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I have wanted to invest in an ice cream maker for a long time. I read online reviews and asked friends and other bloggers for recommendations but no one ever agreed on a model and most had quite negative views about some well known brands.
In the end the decision was made for me as the folks at Andrew James sent me one of their ice cream makers to review. The model (pictured below) is lightweight and compact and, at a mere £27, extremely affordable. It is also very easy to use and, most importantly, makes fantastic ice cream.
I had not realised just how easy it is to make ice cream. Most recipes call for a custard which is then flavoured and churned in the ice cream maker. There’s also endless variations for sorbets, frozen yoghurts and granitas. The ice cream maker comes with a manual that includes a few basic recipes which can be customised to your heart’s content.
Pros: affordable, easy to use & clean, fast, the bowl doesn’t take huge amount of space in the freezer.
Cons: none – unless you want to make vast quantities of ice cream.
Salted Caramel Ice cream with shaved chocolate
I made this to serve with the Mile-high apple pie – and made it again to photograph for this post. The first time I made it I used whole milk and cream. In this recipe I used cream and evaporated milk. The evaporated milk creates a richer and creamier ice cream.
You can either make the caramel and swirl it in after the ice cream is ready but still fairly soft. Alternatively you can add the milk into the caramel which is what I did in this version.
PS: The chocolate is optional but my kids insisted! This ice cream was a huge hit with them and their friends.
200g | 7oz (caster) sugar
125ml | 1/2 cup double cream, warmed in the microwave
Couple of pinches sea salt
1 tsp vanilla paste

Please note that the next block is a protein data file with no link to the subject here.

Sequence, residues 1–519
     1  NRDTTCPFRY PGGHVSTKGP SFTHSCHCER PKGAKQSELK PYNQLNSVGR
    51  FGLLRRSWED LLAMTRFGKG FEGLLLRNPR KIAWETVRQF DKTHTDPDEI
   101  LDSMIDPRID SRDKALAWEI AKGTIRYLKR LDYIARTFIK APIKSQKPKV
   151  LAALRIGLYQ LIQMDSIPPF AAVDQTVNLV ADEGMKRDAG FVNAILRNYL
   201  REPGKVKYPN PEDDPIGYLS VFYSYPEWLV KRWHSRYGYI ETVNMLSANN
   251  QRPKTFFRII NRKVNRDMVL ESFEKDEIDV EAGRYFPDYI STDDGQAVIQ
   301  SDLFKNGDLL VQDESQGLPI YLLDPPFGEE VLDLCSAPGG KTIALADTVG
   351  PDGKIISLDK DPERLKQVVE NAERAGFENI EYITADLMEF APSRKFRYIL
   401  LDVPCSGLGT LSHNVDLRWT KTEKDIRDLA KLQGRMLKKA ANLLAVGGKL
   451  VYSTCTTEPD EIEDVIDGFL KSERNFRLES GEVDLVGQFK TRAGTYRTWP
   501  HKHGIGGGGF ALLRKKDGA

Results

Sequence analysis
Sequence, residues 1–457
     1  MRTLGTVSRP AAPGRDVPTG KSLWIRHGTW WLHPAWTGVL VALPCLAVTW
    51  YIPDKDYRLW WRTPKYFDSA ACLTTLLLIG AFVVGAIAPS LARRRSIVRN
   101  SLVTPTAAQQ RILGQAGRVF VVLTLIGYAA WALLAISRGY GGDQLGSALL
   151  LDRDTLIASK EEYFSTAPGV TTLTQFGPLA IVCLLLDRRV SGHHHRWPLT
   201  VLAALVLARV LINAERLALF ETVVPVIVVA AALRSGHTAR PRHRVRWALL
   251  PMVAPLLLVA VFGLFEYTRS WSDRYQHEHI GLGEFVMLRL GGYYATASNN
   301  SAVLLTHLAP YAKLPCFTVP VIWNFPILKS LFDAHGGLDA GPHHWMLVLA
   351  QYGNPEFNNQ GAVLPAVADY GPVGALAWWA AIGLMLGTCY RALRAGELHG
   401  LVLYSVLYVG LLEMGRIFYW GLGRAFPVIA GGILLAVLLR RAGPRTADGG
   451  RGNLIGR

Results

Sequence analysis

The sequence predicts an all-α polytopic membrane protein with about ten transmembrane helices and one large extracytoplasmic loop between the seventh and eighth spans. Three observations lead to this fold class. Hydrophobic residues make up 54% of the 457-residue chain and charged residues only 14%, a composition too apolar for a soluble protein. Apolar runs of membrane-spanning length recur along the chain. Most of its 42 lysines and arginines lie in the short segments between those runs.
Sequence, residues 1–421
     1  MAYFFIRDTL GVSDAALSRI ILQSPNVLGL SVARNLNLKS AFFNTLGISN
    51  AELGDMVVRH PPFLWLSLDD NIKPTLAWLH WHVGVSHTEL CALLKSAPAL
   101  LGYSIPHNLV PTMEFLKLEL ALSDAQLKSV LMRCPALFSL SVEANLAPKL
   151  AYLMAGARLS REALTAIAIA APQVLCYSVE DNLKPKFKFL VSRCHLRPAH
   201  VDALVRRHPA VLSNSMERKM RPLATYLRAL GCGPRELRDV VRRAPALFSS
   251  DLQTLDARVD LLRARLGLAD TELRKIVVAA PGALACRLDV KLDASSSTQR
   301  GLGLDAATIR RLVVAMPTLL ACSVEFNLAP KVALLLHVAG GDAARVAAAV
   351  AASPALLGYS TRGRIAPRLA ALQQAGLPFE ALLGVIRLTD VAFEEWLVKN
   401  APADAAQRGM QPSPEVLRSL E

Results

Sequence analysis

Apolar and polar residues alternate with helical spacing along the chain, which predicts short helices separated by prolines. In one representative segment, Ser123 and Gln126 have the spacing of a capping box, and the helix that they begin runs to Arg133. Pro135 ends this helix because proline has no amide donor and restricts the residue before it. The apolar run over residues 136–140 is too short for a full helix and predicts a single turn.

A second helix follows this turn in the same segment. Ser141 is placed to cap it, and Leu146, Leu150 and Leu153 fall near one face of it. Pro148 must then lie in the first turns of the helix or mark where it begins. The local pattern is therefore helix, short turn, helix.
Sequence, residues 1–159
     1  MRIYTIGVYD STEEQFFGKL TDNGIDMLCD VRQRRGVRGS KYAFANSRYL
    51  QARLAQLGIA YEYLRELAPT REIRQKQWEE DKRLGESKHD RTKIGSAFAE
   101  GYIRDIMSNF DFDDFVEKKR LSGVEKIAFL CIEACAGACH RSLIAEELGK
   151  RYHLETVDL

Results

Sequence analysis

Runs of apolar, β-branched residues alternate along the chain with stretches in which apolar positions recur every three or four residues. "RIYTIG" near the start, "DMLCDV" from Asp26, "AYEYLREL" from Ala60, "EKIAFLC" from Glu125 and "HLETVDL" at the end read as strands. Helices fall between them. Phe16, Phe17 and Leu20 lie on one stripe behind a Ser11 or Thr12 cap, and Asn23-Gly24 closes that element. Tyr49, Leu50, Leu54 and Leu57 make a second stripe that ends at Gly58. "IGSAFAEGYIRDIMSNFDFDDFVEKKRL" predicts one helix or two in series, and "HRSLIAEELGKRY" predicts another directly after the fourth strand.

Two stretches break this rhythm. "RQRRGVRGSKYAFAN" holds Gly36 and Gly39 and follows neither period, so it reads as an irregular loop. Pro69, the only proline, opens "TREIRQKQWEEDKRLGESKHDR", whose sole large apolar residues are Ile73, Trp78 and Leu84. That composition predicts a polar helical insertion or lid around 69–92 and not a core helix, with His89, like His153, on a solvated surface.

500ml | 2 cups evaporated milk (or whole milk)
4 large free-range egg yolks
6-8 tbsp finely grated chocolate – I used 50% milk chocolate
- Put the ice cream maker bowl in the freezer, wrapped in a plastic bag, for 8 hours or overnight before you make the ice cream.
- Put the 2/3 of the sugar and 1 tbsp water in a deep, heavy pot. Stir the sugar and water and then bring to the boil.
- Once sugar starts to melt don’t stir anymore – swirl the pan instead. When the colour turns to golden amber (see photo) take off the heat and stir in the cream – be careful the mixture will bubble in an alarming fashion.
- Add the salt and vanilla and stir them in. You can strain the caramel if it’s not completely smooth. Let it cool slightly.
- Beat the egg yolks in a large bowl with the remaining sugar.
- Add the evaporated milk into the caramel and heat gently, stirring to mix, until small bubbles form around the edges of the pot.
- Add the hot milk to the egg yolks very gradually while simultaneously whisking so as not to curdle them.
- Return the mix to the pan and cook over very low heat, stirring continuously, until the mix is thick enough to coat the back of a spoon.
- Strain into a bowl and cool completely before using – you can set the bowl over a larger bowl filled with ice or put in the fridge, covered, overnight.
- Fit the power unit into the lid of the ice cream maker and fit the paddle in. Remove the bowl from the freezer and slot it into the outer bowl.
- Turn the ice cream maker on and carefully pour the cooled custard into the the bowl. Let the machine run until the ice cream is mostly firm.
- Add the shaved chocolate and keep churning for a total of 30 minutes.
- Transfer to another container and freeze for minimum 4 hours before serving. The ice cream has a lovely soft serve consistency.
- Serve with some chocolate curls or drizzle with a little salted caramel.
I would like to thank Andrew James for sending me their ice cream maker to review. All opinions are my own.